The real world: Mars


Mars One intends to send a reality television cast to Mars – complete with appropriate product placement

It’s 2025. Interplanetary entertainment company, MarsOne, in partnership with numerous other corporate giants, has succeeded in implanting you and twelve other lucky AstroNots upon the surface of Mars to begin filming reality television. Today you make landfall after weeks of nuclear-propelled space-travel wherein you have been, most of the time, confined to your bunk, asleep by fine-print contractual obligations. It is the biggest day for all of humanity, harks the media, since sliced bread and NASCAR. The cameras – being autonomous and fully robotic – are already constantly filming, and the reality show that is your life is continually beaming back to everyone on earth. There are screens everywhere featuring a peculiarly high number of ads for certain candy.

A split second later, an alarm is sounding off. The signs and lights, omnipresent all around the interior, are flashing bright red, lighting up to inform you that now is a particularly exciting moment for the TV audience and you, as the contractual obligations suggest, should do what you can to extract from the situation the maximum possible entertainment.

So, you do as they advised in the demonstrative training. You just stand up from your bunk, drop your shorts and then, lifting both arms up high, spin a gentle pirouette. The voice comes over the wire in your ear: “That’s it! Great, really, I’m loving it!” The twelve other shortless AstroNots all look around at each other, smiling in self-satisfaction, and – as advised, to ensure verisimilitude – you simply thumb your ass while diligently awaiting further instruction.

The voice coming over the wire reminds you all now that you’re probably quite hungry, having been asleep for several weeks on an entertaining voyage through space, and suggests that everyone make their way to the mess hall, for the first feast upon Mars – over at the far end of the ship – after donning your shiny black leotards with the backs printed in familiar designs of red and gold – some mythical logos.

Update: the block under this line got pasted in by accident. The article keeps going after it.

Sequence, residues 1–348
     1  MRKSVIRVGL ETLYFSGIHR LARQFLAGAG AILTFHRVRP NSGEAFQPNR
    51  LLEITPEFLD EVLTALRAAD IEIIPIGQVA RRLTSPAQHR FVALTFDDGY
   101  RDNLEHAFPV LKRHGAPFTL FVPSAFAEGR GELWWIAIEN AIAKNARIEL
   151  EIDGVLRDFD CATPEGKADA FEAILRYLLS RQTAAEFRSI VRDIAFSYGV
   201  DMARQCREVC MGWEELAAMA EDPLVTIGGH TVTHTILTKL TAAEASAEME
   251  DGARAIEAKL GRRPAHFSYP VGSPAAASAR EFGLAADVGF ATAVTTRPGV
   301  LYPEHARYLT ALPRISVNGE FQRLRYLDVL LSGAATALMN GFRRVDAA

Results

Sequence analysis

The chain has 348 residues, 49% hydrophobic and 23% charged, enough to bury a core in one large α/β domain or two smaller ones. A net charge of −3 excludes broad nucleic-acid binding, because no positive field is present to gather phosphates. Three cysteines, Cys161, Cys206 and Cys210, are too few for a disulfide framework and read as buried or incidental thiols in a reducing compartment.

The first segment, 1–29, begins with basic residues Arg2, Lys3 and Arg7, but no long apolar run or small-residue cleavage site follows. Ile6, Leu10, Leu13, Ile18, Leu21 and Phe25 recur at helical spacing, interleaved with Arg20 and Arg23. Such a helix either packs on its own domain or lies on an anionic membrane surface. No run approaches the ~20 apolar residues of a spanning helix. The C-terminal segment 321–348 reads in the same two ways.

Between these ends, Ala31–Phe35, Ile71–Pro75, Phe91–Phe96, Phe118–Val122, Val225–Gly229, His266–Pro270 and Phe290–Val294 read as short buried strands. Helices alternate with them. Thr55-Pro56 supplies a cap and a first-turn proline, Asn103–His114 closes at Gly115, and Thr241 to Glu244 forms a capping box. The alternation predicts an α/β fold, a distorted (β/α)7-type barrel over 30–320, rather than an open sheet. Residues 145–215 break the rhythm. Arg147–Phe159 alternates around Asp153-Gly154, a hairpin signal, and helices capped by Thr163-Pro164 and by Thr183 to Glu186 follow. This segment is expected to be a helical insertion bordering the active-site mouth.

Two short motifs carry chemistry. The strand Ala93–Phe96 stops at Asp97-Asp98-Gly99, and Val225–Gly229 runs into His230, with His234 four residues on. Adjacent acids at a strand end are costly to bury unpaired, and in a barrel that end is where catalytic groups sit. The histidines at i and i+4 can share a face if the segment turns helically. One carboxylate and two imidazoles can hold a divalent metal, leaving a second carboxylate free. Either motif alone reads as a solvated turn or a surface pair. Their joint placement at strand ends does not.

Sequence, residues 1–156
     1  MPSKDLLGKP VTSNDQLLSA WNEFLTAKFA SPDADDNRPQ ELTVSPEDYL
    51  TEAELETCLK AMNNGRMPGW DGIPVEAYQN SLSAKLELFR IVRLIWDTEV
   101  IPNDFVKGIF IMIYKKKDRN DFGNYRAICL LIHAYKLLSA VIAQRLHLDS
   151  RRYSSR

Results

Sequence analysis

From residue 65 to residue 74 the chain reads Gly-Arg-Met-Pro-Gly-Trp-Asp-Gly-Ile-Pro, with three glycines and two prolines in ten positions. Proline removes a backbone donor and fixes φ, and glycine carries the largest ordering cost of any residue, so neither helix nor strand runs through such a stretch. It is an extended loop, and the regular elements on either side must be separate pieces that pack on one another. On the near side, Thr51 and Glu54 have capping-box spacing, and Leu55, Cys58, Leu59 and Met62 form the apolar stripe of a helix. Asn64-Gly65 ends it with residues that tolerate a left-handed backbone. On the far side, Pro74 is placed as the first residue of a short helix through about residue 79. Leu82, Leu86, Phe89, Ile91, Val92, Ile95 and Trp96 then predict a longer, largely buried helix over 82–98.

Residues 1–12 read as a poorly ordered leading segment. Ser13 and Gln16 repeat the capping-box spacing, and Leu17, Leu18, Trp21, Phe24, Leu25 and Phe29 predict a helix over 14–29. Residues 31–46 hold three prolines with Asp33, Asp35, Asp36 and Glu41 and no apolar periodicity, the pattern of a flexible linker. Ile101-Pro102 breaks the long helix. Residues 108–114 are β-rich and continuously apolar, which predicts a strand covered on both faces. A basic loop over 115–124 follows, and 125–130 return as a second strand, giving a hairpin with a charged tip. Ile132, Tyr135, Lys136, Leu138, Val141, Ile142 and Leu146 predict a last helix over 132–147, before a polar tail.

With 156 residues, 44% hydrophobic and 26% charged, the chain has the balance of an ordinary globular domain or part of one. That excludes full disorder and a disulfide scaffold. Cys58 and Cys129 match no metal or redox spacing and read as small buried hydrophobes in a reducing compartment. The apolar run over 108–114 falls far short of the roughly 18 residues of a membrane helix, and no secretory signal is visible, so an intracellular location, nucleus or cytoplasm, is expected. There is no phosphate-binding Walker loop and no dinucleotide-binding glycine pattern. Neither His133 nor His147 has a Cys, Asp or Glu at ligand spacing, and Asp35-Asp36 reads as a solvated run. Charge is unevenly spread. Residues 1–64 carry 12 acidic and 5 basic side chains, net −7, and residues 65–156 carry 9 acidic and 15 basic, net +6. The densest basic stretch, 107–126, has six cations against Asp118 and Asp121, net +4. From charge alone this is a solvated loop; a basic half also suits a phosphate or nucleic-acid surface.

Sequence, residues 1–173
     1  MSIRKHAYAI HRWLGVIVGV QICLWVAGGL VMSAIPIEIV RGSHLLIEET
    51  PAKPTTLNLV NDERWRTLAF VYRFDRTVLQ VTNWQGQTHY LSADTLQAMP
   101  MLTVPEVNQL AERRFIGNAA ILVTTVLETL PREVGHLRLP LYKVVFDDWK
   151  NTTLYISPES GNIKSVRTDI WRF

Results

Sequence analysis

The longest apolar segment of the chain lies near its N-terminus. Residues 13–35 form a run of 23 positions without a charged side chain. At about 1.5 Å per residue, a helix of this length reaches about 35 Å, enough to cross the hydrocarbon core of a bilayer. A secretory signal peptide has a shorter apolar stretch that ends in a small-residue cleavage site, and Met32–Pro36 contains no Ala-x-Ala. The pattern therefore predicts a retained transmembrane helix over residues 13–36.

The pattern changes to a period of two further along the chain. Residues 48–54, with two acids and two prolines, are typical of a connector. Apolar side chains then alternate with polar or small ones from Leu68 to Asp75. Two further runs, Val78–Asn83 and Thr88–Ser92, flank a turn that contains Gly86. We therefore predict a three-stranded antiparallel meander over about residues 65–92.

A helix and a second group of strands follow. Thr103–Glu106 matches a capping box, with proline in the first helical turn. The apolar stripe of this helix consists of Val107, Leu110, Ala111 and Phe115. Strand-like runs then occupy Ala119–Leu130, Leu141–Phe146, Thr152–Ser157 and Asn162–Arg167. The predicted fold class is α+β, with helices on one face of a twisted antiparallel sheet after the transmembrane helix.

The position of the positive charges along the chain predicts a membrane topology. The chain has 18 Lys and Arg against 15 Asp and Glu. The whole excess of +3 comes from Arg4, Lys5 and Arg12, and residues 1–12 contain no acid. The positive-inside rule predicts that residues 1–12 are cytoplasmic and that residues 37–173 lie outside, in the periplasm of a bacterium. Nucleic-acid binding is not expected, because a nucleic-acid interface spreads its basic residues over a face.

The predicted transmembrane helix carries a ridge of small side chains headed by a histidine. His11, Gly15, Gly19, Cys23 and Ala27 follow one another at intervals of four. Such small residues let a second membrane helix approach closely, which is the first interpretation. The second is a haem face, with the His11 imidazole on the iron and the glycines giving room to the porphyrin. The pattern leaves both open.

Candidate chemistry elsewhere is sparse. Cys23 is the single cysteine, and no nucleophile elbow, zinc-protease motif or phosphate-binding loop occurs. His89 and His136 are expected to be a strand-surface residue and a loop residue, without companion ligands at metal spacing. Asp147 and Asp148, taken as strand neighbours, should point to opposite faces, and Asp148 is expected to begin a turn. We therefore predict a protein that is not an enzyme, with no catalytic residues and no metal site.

Oddly enough it seems now as though the transport ship has converted itself, upon landing, into a moderately comfortable, even spacious, living area. Robotic cameras, shooting through you from every angle, click along behind on wheels and then one of them rolls quickly ahead to punch in the code that opens the security door to the mess hall, while another camera-bot focuses sharply on the apt mechanical arm of the first, zooming in to display a small sticker-flag of Canada.

The mess hall is remarkably wide and well-lit, fluorescent so almost as if imaginary – like heaven – and sits equipped with some tables that look reminiscent of first-generation Star-Trek. You all relish, on cue, standing in the doorway a moment to take in the authenticity; some cameras wheel off, squeaking into the distance for a sequence of long-shots, while others remain close on your face. Smiling, everyone feels lighter, says the wire, as if you’re infused with anti-gravity by the room’s nice ambiance.

A small robot waiter, then, wearing a tuxedo and carrying a large and ornate silver platter, comes tracking through the hole in the wall, speaking pre-programmed pleasantries, as you all move in to sit down. One of the cameras takes a wide angle and everyone appears quite excited as the waiter-bot delivers to your table a feast of chocolate bars and candies, along with a set of the special white napkins. You begin to eat by removing the wrapper ends of your chocolate bar carefully, as repeatedly advised, using the long-fingered claw-grip so as to not obstruct view of the branding, where the camera zooms in and centres right before cutting to a commercial break.

As bizarre as this all sounds, Mars One is real, and really intends to send the first reality show to Mars in 2023. You can only hope you’ll be selected to be aboard.

Dustin Christianson

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